This is jail house snitch information.  It is worthless, as proof of what it purports to prove; it is valuable in establishing that its propounder has no regard for the quality of evidence upon which he bases his conclusions.  Citing this as a “reason” counts heavily against Mr. Kratz’s contentions.

5. The victim’s bones in the firepit were “intertwined” with the steel belts, left over from the car tires Avery threw on the fire to burn, as described by Dassey.  That WAS where her bones were burned!  Suggesting that some human bones found elsewhere (never identified as Teresa’s) were from this murder was NEVER established.

This is strained conjecture, regardless of whether some “expert” offered this opinion.  Again, this undermines confidence in Mr. Kratz’s reasoning ability, honesty, etc.

6.  Also found in the fire pit was Teresa’s tooth (ID’d through dental records), a rivet from the “Daisy Fuentes” jeans she was wearing that day, and the tools used by Avery to chop up her bones during the fire.

See discussion of the use of the word “found”, above.

7.  Phone records show 3 calls from Avery to Teresa’s cell phone on Oct 31.  One at 2:24, and one at 2:35–both calls Avery uses the *67 feature so Teresa doesn’t know it him…both placed before she arrives.  Then one last call at 4:35 pm, without the *67 feature.  Avery first believes he can simply say she never showed up (his original defense), so tries to establish the alibi call after she’s already been there, hence the 4:35 call.  She will never answer of course, so he doesn’t need the *67 feature for that last call.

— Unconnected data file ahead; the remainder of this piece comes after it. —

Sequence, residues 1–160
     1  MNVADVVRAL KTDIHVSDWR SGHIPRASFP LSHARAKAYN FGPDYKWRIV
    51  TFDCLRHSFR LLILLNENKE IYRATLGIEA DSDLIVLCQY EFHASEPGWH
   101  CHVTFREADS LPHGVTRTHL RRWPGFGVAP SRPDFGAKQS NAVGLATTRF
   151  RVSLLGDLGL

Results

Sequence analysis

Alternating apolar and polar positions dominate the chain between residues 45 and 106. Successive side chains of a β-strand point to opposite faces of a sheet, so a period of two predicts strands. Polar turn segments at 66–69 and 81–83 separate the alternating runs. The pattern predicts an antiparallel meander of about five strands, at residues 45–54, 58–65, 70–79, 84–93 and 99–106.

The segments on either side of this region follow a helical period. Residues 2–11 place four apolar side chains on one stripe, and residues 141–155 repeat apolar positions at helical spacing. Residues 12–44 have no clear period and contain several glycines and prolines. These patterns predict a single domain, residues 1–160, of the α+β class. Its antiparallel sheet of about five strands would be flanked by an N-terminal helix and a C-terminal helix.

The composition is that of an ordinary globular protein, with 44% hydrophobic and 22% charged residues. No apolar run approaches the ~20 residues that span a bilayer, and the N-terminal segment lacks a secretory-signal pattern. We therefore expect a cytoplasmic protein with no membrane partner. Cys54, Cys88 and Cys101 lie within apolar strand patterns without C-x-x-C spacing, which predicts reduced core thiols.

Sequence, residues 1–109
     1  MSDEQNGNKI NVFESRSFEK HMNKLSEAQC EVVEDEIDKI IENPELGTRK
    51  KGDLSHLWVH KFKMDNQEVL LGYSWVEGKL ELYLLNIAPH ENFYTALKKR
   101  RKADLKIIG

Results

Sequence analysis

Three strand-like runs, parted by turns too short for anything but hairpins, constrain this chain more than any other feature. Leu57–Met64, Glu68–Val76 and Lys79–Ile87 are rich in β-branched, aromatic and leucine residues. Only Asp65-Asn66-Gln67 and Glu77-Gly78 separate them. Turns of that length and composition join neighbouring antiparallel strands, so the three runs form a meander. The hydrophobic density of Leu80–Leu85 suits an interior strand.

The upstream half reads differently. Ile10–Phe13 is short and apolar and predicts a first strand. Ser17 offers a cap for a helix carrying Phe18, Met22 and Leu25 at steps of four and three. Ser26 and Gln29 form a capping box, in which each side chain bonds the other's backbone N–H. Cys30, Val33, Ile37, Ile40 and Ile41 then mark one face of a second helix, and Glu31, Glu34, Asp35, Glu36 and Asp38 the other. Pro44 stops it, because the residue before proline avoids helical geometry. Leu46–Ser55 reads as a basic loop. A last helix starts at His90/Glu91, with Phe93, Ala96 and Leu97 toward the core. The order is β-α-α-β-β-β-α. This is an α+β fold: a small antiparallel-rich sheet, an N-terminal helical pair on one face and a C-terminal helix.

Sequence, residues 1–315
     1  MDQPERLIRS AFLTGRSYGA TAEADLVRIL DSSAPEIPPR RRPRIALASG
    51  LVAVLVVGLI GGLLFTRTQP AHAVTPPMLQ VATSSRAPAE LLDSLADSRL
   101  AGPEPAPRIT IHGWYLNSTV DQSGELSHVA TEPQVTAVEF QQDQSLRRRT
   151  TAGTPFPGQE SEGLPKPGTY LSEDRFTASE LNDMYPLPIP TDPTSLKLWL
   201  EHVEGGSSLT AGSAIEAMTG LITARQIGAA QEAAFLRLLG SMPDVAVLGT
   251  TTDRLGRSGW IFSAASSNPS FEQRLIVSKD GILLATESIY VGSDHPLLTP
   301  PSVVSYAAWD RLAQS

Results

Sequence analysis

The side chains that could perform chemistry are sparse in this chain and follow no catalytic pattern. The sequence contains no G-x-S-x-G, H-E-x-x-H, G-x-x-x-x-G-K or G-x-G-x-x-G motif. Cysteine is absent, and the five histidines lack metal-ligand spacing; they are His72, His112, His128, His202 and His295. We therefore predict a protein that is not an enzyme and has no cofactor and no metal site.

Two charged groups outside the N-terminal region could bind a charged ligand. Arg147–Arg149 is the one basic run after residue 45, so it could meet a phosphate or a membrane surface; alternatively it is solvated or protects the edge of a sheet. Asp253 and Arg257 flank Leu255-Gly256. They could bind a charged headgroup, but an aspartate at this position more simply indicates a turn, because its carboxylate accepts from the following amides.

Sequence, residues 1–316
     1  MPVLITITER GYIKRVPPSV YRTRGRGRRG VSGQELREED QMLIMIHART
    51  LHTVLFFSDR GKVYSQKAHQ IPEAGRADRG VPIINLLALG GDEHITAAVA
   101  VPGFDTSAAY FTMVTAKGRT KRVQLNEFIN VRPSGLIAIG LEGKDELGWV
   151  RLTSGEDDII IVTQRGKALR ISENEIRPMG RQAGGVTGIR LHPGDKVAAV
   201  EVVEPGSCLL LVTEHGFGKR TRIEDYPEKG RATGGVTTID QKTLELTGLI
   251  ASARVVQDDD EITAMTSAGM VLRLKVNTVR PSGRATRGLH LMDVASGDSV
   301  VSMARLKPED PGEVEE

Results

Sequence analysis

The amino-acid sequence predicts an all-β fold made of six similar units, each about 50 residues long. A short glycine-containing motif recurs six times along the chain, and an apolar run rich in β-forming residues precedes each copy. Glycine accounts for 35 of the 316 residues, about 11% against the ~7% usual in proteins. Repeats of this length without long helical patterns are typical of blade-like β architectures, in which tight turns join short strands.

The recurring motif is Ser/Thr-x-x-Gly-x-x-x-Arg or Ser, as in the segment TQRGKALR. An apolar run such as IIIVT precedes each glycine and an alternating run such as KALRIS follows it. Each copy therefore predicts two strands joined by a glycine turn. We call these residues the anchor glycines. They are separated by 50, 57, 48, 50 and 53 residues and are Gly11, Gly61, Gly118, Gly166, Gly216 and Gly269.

We’ll assume these facts were established.  This is extremely incriminating evidence and strongly favors Mr. Kratz’s position, as does #2, above.

8. Avery’s DNA (not blood) was on the victim’s hood latch (under her hood in her hidden SUV).  The SUV was at the crime lab since 11/5…how did his DNA get under the hood if Avery never touched her car?  Do the cops have a vial of Avery’s sweat to “plant” under the hood?

Leaving the word “found” out of the argument doesn’t change the nature of the contention.  Same objection as before.

9. Ballistics said the bullet found in the garage was fired by Avery’s rifle, which was in a police evidence locker since 11/6…if the cops planted the bullet, how did they get one fired from HIS gun?  This rifle, hanging over Aver’s bed, is the source of the bullet found in the garage, with Teresa’s DNA on it.  The bullet had to be fired BEFORE 11/5—did the cops borrow his gun, fire a bullet, recover the bullet before planting the SUV, then hang on to the bullet for 4 months in case they need to plant it 4 months later???

Using 3 question marks suggests poor reasoning and writing skills.  “Found” is the operative word once again.  “Police evidence locker”?  Please.  Same objection.

CONCLUSION

So, out of 9 reasons there are 2 that we think by themselves, and assuming these are undisputed and established facts, strongly suggest Avery’s guilt.  Beyond a reasonable doubt?  If we were on the jury we think it would be a close call, but from the outside we believe it’s a jury question.

If the defense has some explanation for this evidence – that is, “reasons” 2 and 7 – we’d like to hear it.

UpdateCan you believe this shit?